Plumber cleared of manslaughter in gas leak case

A tragic story that began with a plumber working on a hotel gas boiler, followed days later by the death by carbon monoxide poisoning of a woman, ended yesterday with a jury finding the plumber and his company not guilty.

Richard Davis, aged 46, from Serenity, Killanully, Ballygarvan, Co Cork, was found not guilty at Cork Circuit Court before Judge Seán O Donnabháin of the manslaughter of Miriam Reidy, 35, and two counts under the Safety, Health and Welfare at Work Act 2005.

Davis’s company, Davis Heating and Plumbing Contractors of Marina Commercial Park in Cork, was found not guilty of two similar health and safety act counts relating to the conversion of a gas boiler at the Trident Hotel on Jan 4, 2011. The jury deliberated for four and a half hours before returning with five not-guilty verdicts.

Defence senior counsel Michael O’Higgins claimed several other design and construction issues in the hotel and other matters that pre-dated the installation of the gas boiler were responsible for the poisonous carbon monoxide not disappearing harmlessly into the sky.

Prosecution senior counsel Brendan Grehan claimed Mr Davis incorrectly converted a gas boiler, leaving it spewing out lethal quantities of carbon monoxide.

Mr Davis had gone to the hotel on January 4, 2011 to put a new boiler into use, converting it to allow for use with liquid petroleum gas rather than natural gas by the insertion of a chip. The prosecution claimed he did insert a chip, but it would appear he never read the guidelines that came with the chip; did not carry out any adjustment to the boiler; and did not test it afterwards for a possible leak.

Members of the Reidy family attended the trial and gave evidence. Patricia Reidy-Russell told how she and her sister shared a room at the hotel that night.

They had been at a hen night and most of the group were partying until about 5am. However, Miriam and Patricia left at about 1am, walking back to their hotel. They both became ill and Patricia called a doctor, who treated them for the winter vomiting bug. Pathologist Margaret Bolster testified that the first symptoms of carbon monoxide poisoning were more or less the same as those for flu or cold.

Miriam died in the hotel room. Patricia woke a couple of days later in the intensive care unit of Cork University Hospital.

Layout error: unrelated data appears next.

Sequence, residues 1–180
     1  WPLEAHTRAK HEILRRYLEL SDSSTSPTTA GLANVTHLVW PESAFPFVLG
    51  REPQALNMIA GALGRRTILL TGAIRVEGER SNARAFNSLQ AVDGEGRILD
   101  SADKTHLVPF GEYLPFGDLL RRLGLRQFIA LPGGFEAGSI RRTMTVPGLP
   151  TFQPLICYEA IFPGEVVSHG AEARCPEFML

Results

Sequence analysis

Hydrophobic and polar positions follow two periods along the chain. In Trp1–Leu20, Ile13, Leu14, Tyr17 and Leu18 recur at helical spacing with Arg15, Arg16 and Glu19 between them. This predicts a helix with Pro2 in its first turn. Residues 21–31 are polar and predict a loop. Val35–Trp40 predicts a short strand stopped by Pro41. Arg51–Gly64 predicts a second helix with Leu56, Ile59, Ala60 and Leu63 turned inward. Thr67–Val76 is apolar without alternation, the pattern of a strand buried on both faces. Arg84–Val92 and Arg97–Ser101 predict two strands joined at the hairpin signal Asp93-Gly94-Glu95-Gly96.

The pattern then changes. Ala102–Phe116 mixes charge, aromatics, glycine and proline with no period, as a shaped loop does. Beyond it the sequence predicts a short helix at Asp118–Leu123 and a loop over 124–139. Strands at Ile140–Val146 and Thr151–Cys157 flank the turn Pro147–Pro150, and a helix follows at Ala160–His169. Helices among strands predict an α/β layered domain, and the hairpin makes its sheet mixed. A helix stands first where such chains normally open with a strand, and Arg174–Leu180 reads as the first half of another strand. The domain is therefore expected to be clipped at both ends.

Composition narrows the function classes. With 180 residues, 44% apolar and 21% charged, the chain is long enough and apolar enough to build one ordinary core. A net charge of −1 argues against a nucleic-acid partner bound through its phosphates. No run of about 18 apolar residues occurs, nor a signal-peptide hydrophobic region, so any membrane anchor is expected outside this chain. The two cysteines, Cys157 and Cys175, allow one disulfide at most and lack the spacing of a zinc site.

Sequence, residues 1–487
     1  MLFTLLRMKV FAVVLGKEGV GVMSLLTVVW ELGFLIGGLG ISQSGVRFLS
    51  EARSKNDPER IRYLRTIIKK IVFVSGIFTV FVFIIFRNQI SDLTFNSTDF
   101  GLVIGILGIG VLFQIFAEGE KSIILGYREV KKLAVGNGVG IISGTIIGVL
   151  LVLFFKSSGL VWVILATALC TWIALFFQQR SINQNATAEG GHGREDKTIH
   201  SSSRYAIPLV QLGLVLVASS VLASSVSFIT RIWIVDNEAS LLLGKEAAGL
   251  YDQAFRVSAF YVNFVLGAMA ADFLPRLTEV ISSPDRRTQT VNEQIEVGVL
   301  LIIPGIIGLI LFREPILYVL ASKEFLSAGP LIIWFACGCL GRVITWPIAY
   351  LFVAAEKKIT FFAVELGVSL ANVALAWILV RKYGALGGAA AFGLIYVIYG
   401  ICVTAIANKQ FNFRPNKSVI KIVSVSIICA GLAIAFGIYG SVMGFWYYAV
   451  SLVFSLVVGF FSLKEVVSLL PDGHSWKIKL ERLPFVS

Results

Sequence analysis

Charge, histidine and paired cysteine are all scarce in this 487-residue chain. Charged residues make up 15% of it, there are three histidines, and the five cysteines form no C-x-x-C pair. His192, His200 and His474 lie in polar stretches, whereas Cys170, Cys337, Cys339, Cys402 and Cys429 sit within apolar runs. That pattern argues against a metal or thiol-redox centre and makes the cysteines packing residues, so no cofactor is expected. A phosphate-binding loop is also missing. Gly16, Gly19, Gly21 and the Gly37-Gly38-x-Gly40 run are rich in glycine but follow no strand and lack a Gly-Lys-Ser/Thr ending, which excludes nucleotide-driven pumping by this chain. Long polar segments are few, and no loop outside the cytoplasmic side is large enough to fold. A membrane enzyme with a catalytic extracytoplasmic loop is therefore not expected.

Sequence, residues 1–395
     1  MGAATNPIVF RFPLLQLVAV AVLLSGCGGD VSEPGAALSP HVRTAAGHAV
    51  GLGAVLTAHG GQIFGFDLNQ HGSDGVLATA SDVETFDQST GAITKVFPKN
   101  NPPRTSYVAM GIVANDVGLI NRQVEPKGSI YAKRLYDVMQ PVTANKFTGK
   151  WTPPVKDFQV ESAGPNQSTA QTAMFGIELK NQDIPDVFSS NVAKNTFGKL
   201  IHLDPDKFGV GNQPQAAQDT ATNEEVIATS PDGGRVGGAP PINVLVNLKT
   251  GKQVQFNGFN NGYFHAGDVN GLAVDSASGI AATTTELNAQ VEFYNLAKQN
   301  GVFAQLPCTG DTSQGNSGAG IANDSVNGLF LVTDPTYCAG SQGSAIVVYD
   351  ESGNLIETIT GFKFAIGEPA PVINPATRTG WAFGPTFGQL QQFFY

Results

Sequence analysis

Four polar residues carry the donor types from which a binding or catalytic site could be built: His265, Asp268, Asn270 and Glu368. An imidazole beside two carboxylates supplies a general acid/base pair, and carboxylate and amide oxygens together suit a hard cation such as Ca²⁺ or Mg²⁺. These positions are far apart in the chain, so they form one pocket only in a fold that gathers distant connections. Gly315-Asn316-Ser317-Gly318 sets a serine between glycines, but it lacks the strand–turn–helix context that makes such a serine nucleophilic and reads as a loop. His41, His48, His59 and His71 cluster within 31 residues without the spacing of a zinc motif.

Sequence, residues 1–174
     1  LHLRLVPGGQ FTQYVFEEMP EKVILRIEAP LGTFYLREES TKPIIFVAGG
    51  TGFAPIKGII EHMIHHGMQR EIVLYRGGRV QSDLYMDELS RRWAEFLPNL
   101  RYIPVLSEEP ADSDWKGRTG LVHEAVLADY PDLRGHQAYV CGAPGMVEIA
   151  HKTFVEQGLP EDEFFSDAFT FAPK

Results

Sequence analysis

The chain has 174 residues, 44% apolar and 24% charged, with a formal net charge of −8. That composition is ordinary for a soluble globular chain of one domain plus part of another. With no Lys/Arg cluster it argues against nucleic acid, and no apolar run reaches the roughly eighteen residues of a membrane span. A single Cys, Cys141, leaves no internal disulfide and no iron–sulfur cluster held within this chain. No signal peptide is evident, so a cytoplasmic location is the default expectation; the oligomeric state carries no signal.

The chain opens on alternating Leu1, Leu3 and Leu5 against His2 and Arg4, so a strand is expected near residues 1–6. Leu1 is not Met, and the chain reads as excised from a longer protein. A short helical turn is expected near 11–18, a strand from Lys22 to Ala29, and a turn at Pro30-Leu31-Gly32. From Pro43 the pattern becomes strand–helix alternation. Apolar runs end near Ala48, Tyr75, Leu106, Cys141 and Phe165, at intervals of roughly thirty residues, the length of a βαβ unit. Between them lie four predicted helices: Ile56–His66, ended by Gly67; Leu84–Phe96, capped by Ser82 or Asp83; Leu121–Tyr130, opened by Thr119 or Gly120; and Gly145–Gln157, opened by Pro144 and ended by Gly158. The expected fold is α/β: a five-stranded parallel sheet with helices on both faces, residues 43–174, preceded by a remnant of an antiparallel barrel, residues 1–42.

She said: “I tried so hard to save her... but the efforts I made were not enough.”

Mr Davis did not give evidence but his interviews with gardaí were read to the jury. In these, he said: “I am sick to my stomach that it happened. I was told it was an easy chip conversion... [that] all I needed to do was change the chip. If there was any more I wouldn’t have touched it.”

‘She was a beam of light in all our lives’

Plumber cleared of manslaughter in gas leak case

By Liam Heylin

The family of the Limerick woman who died from carbon monoxide poisoning at the Trident Hotel almost four years ago were extremely disappointed at the outcome of the 12-day trial yesterday, at which plumber Richard Davis was cleared of manslaughter.

Siobhán Barrett, sister of Ms Reidy, thanked the gardaí and the HSA for their thorough investigation into the case.

“This has been a very long and difficult journey for us... since January 9, 2011,” she said. “We are extremely disappointed with the outcome. We live with this heartache every day.

“We are extremely saddened that Miriam never got the opportunity to live her life to her dreams.

“She was a kind, gentle, caring and loving person. Full of poise, grace, patience, humility and sincerity; she was a beam of light in all our lives.

“As sisters, we were very close, living near each other and talking on the phone every other day. As a daughter, Miriam had a great relationship with mam and dad and visited every Sunday for lunch. Miriam was so looking forward to moving into her new home with her boyfriend in May 2011; getting married and building a new life with him.

“The shock on hearing the news on Sunday, January 9, 2011 has left its mark. The fear that grabs hold when you receive that awful news about your loved one. It is difficult to watch our parents trying to piece their lives back together.

“For dad, he thinks of her first thing in the morning and last thing at night. This should be a happy time in their lives, enjoying their children and their grandchildren but this has all been stolen from them.

Her other sister, Patricia Reidy-Russell, added: “It breaks my heart to know that I did everything I possibly could but it just wasn’t enough.

“It breaks my heart to know my little daughter will never know what a beautiful wonderful person Auntie Miriam was.”

Defence solicitor Val Turnbull said, “Richard does not wish to make any formal statement out of respect to the late Miriam Reidy and her family.”


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